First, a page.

Those of you that have been to Runcorn or have seen an episode of the terrible BBC sitcom Two Pints of Lager and a Packet of Crisps will know that Runcorn’s bleak town centre is the perfect setting for a night of occult horror. The Twisted Tales event was staged at Halton Lea Library on 27 October and featured appearances from Ramsey Campbell and Adam Nevill.
The event began with an ambient showing of the 1922 classic Nosferatu as the punters began to pile in, it made for effective viewing and distracted a few patrons from the free brews on offer.
Proceedings began slightly anticlimactically with the announcement that scouse author and comics guru John Reppion would not be able to attend. However it only took a glance at the remaining guests to become immediately excited about the prospect of what lay ahead.
After a brief and spirited introduction from David McWilliam of Twisted Tales, Adam Nevill began the night of occult horror with a reading from his fantastic novel The Ritual. Adam read in a patient and well-paced manner from a passage towards the end of the book. Without wanting to give too much away to those who haven’t read The Ritual, the passage focussed on a small dwelling in the middle of a Scandinavian forest where the reader is given the first disgusting glance of the true nature of events that have been happening up to that point. The passage was tense and horrifying whilst ultimately nailing the occult theme of the evening.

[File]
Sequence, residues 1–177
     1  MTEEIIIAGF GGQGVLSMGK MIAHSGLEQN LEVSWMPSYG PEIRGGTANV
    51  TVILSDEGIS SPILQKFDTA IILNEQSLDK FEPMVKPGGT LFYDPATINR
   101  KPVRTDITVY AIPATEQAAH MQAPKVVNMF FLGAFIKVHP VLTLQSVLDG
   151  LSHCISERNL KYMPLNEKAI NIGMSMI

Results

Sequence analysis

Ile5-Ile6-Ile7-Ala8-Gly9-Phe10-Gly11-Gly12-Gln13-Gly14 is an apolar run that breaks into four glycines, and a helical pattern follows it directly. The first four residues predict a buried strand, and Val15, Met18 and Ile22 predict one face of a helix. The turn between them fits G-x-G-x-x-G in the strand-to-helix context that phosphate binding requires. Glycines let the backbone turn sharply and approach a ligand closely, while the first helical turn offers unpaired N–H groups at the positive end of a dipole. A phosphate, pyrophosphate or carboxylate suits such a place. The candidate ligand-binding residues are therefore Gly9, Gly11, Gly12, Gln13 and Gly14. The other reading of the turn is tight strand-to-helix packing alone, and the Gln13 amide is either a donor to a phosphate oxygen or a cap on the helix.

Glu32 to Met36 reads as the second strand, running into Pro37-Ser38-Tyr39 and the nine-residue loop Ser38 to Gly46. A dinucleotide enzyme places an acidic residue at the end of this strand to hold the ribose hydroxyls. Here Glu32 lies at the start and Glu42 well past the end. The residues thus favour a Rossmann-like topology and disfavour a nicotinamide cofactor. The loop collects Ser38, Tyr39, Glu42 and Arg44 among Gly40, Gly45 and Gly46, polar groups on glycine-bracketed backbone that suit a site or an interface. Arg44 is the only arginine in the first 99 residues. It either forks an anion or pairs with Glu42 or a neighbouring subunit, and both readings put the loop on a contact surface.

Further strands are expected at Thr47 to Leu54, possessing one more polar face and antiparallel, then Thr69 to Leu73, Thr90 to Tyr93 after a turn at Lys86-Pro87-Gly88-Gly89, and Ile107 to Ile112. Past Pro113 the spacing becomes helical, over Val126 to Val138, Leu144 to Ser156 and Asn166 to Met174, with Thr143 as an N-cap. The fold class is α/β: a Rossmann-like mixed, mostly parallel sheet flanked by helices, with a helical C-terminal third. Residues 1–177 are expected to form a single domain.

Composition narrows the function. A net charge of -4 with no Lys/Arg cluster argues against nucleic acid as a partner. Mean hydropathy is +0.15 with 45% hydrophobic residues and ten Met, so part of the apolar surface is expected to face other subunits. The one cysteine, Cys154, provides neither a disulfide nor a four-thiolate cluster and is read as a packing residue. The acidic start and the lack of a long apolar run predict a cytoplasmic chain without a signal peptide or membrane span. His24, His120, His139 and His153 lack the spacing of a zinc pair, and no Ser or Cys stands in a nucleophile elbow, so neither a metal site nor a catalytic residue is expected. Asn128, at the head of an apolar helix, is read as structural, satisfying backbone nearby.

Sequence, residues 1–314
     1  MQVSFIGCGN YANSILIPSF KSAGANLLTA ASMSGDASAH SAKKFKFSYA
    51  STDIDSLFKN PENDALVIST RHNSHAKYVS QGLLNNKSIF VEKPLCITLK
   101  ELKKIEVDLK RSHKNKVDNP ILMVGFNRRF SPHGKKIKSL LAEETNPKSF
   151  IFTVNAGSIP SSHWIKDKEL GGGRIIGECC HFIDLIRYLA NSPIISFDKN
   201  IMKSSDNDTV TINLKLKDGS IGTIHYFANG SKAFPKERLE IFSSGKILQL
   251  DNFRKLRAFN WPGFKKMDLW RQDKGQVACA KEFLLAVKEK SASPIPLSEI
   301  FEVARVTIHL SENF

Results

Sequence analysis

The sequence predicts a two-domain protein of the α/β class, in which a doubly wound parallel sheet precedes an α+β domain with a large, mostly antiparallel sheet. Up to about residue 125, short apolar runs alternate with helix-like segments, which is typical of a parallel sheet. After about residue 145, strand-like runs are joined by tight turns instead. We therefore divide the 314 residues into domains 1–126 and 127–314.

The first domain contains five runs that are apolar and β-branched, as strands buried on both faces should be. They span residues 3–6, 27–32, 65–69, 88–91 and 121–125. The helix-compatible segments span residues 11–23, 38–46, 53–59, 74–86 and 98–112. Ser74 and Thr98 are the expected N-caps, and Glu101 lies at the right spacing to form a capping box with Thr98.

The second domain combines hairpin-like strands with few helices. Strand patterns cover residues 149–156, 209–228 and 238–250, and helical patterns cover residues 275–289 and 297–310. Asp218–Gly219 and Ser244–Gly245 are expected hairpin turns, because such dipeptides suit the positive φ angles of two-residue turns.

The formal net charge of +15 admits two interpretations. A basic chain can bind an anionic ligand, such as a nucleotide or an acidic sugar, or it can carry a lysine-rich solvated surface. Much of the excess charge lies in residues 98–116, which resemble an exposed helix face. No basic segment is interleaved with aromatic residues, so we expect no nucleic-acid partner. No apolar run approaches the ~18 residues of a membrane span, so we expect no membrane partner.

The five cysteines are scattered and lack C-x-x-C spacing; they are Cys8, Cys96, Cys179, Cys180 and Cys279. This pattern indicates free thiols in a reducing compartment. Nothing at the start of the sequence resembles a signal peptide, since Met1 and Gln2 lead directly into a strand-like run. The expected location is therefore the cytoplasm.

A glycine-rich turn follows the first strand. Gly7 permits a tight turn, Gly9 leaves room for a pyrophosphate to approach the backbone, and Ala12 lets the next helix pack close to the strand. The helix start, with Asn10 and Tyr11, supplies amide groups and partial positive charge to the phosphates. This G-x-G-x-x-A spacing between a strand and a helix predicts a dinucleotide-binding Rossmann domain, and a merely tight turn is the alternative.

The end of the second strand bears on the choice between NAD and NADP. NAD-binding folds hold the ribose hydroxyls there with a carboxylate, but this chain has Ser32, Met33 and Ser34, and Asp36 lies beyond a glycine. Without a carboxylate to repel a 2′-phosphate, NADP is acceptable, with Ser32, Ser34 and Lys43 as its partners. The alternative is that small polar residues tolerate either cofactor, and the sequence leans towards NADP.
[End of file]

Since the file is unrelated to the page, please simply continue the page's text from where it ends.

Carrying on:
The reading kept the audience of around forty pilgrims enraptured from start to finish and was an excellent way to start the event. The next reader was horror legend Ramsey Campbell who read a passage from his book The Grin of the Dark. Whilst Ramsey’s extract was not as bleak as Adam’s, his selection built slowly towards a creepy conclusion and was greeted very enthusiastically by the crowd.
After a short break the panel reconvened and after a brief section of chat from David and Glyn of Twisted Tales, the two scribes were quizzed on their influences and approaches towards writing horror and the occult in particular. Both advised the crowd on the importance of the suggestion of the occult rather than attempting to explain it.
Twisted Tales provided an informative and thoroughly entertaining night of occult horror at Runcorn library, being able to hear Ramsey Campbell deliver a reading being a personal highlight.
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